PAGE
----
On the other hand, it is difficult to achieve satisfactory stretching if the temperature gradient of the film is not suitable in the stretching zone, even if the crystallinity of the non-stretched film and the length of the stretching zone are kept in the above limitative ranges. Polyethylene terephthalate has the property that it remarkably crystallizes upon heating and orientating in the stretching zone. This is because it is a crystalline, high molecular substance and a non-stretched film having a controlled crystallinity is used as a starting material for the biaxial stretching. In the prior art when a two-stage biaxial stretching process is used, the film is stretched with heat in one direction to cause a monoaxial orientation. The oriented film which is fairly crystallized is then heated to a temperature higher than the stretching temperature of the first stage and stretched in the second direction (which is at right angles to the first direction). Accordingly, the film is subjected to applications of nearly uniform temperatures, though there is a difference between the temperature of the first stage and that of the second stage.
However, in the case of the simultaneous biaxial stretching of the present invention, since stretching in the machine direction and in the transverse direction are simultaneously carried out, the degree of orientation and crystallinity rapidly increase in the initial period of stretching with the progress of the stretching,
while the apparent softening point of the film increases and the thickness of the film rapidly lowers. Accordingly, it is necessary to smoothly and continuously change the stretching tension in order to smoothly carry out stretching at each part of the stretching zone.
The stretching tension 0', of course, depends upon the relationship represented by the following formula wherein P is the gas pressure inside of the film bubble, t is the thickness of the film and D is the diameter of the film:
PD a where v g/ P g/ D [cm] I [cm].
It is difficult to maintain smooth stretching if the stretching tension 0 between the starting point and end point of stretching is not appropriately controlled, and in the stretching zone with higher bubble diameters D gradually increase and lower t rapidly decreases so that the stretching tension a rapidly varies. The varying of the stretching is dependant not only on the varying of D and I but also on the orientation and crystallization, which are rapidly changed with the progress of the stretching, and further it is dependant on the varying of the film temperature. In order to appropriately maintain the stretching tension gradient caused by such factors, there is no way other than appropriately maintain the film temperature gradient in the stretching zone.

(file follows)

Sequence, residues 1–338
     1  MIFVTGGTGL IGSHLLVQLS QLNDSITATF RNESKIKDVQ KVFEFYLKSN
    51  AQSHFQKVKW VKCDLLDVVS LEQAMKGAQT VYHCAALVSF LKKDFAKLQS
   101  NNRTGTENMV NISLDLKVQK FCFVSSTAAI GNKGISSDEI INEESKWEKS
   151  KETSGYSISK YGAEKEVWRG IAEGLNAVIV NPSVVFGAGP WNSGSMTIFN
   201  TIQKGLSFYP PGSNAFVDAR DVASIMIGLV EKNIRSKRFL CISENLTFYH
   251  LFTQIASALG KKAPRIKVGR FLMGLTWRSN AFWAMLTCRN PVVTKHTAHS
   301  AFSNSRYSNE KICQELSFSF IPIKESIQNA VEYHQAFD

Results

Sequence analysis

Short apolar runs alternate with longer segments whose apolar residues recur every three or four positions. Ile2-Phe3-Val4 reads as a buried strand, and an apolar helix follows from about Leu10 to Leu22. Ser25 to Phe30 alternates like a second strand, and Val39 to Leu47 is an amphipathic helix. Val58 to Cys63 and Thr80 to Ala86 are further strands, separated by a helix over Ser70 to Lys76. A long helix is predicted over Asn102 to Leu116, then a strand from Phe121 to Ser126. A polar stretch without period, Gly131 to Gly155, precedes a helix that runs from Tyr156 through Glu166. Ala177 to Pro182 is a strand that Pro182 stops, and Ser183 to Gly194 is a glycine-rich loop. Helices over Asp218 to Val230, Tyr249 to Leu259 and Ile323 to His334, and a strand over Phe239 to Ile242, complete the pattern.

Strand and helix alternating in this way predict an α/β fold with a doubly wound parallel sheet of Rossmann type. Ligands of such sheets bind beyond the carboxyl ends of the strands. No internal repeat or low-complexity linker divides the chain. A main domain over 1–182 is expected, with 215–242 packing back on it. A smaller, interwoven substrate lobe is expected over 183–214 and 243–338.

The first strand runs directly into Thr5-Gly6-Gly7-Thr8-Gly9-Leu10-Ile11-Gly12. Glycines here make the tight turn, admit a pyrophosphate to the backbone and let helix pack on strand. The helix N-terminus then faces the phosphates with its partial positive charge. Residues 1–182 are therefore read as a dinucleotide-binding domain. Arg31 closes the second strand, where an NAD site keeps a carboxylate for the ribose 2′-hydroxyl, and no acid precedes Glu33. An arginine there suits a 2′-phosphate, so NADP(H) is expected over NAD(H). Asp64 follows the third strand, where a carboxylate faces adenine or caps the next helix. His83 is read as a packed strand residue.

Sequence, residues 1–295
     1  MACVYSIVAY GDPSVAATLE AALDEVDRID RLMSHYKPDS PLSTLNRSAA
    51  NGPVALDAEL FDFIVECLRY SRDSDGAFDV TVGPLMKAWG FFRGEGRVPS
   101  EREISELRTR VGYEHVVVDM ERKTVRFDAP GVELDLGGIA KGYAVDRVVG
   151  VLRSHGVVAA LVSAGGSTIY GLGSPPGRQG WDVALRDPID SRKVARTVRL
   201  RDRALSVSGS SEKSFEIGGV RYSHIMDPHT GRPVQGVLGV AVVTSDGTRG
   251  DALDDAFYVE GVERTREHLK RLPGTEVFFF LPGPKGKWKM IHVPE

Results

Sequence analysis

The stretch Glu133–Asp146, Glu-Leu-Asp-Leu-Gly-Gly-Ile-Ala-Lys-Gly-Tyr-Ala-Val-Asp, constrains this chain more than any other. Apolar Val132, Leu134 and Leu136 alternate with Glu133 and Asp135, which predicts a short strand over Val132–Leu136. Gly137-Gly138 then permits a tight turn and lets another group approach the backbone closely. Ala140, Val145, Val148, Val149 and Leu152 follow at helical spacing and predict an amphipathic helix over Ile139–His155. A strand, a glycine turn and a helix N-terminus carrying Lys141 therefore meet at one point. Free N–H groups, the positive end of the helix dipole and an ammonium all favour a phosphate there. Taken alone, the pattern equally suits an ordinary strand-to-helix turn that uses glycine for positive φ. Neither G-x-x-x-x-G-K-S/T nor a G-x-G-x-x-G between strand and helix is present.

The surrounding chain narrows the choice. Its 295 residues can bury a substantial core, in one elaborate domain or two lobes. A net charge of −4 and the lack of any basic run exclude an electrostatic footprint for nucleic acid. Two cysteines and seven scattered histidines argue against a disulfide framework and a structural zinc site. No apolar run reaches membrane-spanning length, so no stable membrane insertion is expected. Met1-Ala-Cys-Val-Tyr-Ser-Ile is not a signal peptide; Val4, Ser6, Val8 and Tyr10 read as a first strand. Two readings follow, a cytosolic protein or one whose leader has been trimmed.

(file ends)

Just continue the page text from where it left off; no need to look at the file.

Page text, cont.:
For example, as in the case of two-stage stretching, when the film temperature of the stretching zone is uniform, i.e., there is no temperature gradient, it is not only impossible to control the diameter of the tubular film, that is, the width of the film, but also the swaying of the film bubble becomes sufficiently violent to result in punctures since the film bubble expands above the desired diameter. If the film temperature lowers linearly just after the beginning of stretching, the progress of the expansion is remarkably impeded because of the orientation and crystallization at the beginning of stretching. Consequently, if it is desired to keep the expanded diameter to a definite value, the inner pressure of the film bubble, that is the stretching tension, becomes excessive and causes frequent punctures. Further, if the temperature at the expansion end point is too high, it is not only difficult to control the final diameter because it is impossible to stop expansion, but also the film bubble does not keep its shape and causes swaying because the film at the latter half of the stretching zone is too soft. On the contrary, if the temperature is too low, it is not only impossible to control final diameter because the expansion end point approaches the expansion beginning point, but also the length of the stretching zone is out of the limitative range and consequently swaying and puncture of the film bubble are violently caused. Furthermore, as described already, the optimum temperature gradient changes depending upon the crystallinity of the nonstretched film.
Thus, it is necessary, with a non-stretched film having a .high crystallinity, that the temperature near the stretching starting point be higher and the temperature at the stretching end point be nearly equal to or slightly higher than in a non-stretched film having a low crystallinity. In actuality, non-stretched films having a 3% to 18% crystallinity are subjected to simultaneous biaxial stretching at the above mentioned stretching zone limitative range.